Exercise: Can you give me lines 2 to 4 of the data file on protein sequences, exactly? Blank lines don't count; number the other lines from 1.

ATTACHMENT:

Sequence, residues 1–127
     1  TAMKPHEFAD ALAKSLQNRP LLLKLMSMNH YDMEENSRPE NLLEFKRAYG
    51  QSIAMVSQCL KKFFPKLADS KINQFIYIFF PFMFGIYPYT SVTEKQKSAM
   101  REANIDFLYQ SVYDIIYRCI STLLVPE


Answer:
     1  TAMKPHEFAD ALAKSLQNRP LLLKLMSMNH YDMEENSRPE NLLEFKRAYG
    51  QSIAMVSQCL KKFFPKLADS KINQFIYIFF PFMFGIYPYT SVTEKQKSAM
   101  REANIDFLYQ SVYDIIYRCI STLLVPE